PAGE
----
Another important addition to this is the screen readers which read aloud the content present in the browser so that the visually impaired user can go through the content line by line. On a similar vein scanning devices are available which scan the page and correspondingly represents the page in Braille by protruding the surface points. The latest of these devices also have the additional option of using a loudspeaker to read out aloud the contents of the page (siftwire.com). In the current system scientific data is represented either using tactile imaging or haptic graphs. These systems themselves are not perfect and further research is being carried out to create systems that are practical for consumer use and also economically feasible to produce (Keating et al., 2008).

But on the other hand there are major arguments which doubt the effectiveness of these tools in delivering the requisite message to the user. This is exemplified by the screen readers that are being currently used where the visual recognition of a desktop object is reproduced in a non-visual form. However this representation is closer to the perspective of a sighted user rather than a visually disabled one which means specific interaction means are to be developed (Foucher, 2007). Hence it can be concluded that the basic components and arrangements need to be simplified such that their reproduction in the non-visual form convey the complete message to the user.

The problems faced by the visually challenged can be clearly perceived during the usage of modern learning tools such as interactive whiteboard. Modern education system has incorporated various tools such whiteboard and video conferencing to make learning more convenient and increase interaction among the student, teacher and various parties involved (Krahe, 2007). But there is always the fear that if the systems are not developed completely students with disabilities especially the ones that are visually impaired will be left behind. In order to overcome this difficulty generally a mediator is used. The mediator is generally responsible to add meaningful descriptions based how a normal user would interact with the system. This method is very effective and often overcomes the major obstacles that usually prevent the blind user to make complete use of the system (Krahe, 2007).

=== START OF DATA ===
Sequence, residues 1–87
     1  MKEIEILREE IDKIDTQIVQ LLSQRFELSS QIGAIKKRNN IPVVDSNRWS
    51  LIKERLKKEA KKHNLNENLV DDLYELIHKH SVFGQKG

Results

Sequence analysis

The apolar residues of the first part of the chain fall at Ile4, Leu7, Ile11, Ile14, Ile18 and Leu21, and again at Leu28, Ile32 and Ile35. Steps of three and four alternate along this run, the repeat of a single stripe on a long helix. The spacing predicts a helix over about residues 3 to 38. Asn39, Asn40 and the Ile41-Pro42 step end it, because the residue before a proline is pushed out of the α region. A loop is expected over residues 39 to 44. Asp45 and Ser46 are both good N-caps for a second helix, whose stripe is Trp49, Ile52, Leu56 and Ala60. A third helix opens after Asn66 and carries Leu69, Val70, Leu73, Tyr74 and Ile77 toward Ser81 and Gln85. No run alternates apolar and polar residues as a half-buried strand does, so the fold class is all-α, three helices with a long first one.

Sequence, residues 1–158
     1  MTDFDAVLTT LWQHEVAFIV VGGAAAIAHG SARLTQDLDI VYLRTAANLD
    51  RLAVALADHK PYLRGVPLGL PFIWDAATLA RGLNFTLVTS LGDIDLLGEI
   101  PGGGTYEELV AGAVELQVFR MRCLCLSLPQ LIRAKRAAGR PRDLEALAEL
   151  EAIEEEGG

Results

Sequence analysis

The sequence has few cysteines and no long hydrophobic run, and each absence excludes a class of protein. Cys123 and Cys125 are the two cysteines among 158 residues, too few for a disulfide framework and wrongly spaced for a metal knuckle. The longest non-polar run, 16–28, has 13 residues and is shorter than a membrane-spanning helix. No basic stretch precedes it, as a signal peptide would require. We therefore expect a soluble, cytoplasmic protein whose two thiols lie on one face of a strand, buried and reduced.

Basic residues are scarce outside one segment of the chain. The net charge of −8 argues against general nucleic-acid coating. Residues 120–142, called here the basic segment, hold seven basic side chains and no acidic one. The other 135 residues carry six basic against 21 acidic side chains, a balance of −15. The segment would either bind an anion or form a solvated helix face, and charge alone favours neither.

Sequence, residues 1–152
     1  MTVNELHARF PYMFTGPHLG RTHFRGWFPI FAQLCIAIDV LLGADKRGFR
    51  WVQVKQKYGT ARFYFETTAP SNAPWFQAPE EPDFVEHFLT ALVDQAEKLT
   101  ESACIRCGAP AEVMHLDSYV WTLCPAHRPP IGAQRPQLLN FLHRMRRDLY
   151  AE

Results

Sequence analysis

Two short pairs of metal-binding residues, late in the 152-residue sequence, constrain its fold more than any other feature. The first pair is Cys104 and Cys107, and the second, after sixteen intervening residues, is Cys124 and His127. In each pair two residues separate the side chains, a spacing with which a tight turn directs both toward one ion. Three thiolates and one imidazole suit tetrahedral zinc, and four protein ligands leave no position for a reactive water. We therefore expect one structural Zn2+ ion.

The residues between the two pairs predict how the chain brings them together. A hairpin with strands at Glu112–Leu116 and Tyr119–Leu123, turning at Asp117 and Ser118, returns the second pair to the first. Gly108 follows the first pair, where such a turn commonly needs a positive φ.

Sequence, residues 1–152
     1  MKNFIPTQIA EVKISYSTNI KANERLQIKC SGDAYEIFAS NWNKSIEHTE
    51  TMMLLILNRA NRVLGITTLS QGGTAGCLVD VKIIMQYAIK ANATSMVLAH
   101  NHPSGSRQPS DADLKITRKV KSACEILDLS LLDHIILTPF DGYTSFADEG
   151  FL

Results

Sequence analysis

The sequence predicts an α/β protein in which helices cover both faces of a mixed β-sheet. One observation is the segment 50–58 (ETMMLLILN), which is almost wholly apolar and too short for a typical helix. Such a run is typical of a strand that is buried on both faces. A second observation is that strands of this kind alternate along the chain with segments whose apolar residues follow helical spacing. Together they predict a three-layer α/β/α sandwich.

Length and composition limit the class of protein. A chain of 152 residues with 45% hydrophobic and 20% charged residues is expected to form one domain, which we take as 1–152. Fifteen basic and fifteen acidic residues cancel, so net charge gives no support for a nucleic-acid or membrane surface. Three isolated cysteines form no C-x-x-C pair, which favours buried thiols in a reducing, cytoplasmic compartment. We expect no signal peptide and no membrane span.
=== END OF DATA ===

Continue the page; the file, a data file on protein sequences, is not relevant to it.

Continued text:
But in the particular case of a subject such as mathematics or any situation where equations are involved in becomes difficult for the visually disabled user to completely comprehend the subject as it is not possible to provide a rapid overview with the help of other communication channels namely audio and tactile (Archambault et al., 2007). This predicament makes it more difficult for blind people to comprehend mathematical concepts when compared with people with sight. The statistics show that the majority of the blind students do not do well in mathematical studies. In fact to date no totally blind student has been able to complete the higher level Leaving Certificate in the republic of Ireland (Archambault et al., 2007). This is a serious problem that the researchers are trying to overcome this serious problem by combing computer based MathML and Braille in order to represent the mathematical formulae for the blind in a working environment (Archambault et al., 2007).

The disabled, no matter the extent of disability or the walks of life need small or large additional privileges for them to be able to enjoy their full rights as a citizen and to participate in the economic, social and cultural development of the society on an equal standing with their fellow human beings. The society too recognises this need and is working towards this goal (Bonet-Borrás & Muñoz-Sevilla, 2007). A very good example is that of computer games for the visually disabled. Computer and video games have become an important part of child and youth culture especially in developed countries where the exposure to such games has shown significant development.